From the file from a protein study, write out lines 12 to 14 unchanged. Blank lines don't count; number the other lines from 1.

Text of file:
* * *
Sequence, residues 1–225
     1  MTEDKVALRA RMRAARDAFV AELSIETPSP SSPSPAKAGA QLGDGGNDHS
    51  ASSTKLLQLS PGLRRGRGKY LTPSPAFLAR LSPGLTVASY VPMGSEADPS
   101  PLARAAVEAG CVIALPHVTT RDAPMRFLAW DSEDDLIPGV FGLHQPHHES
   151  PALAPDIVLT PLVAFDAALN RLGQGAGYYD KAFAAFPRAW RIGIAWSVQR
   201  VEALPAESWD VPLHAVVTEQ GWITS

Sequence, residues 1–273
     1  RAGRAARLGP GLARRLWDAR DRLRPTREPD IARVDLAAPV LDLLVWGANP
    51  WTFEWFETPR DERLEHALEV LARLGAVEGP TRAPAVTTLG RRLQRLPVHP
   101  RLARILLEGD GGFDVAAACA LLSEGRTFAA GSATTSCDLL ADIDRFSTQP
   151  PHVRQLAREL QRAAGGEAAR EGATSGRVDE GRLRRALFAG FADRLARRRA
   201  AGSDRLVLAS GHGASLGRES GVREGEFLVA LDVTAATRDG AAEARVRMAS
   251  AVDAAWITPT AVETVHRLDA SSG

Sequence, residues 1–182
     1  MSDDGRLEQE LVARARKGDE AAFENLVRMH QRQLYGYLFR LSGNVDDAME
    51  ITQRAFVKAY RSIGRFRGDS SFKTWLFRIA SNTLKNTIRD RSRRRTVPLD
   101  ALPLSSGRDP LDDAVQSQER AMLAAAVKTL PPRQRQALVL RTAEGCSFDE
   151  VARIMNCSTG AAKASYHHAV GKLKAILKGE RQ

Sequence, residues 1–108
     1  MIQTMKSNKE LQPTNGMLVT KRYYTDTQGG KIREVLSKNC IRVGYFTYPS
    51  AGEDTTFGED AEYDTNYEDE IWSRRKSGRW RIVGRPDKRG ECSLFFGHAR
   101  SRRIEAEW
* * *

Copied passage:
   201  AGSDRLVLAS GHGASLGRES GVREGEFLVA LDVTAATRDG AAEARVRMAS
   251  AVDAAWITPT AVETVHRLDA SSG

Sequence, residues 1–182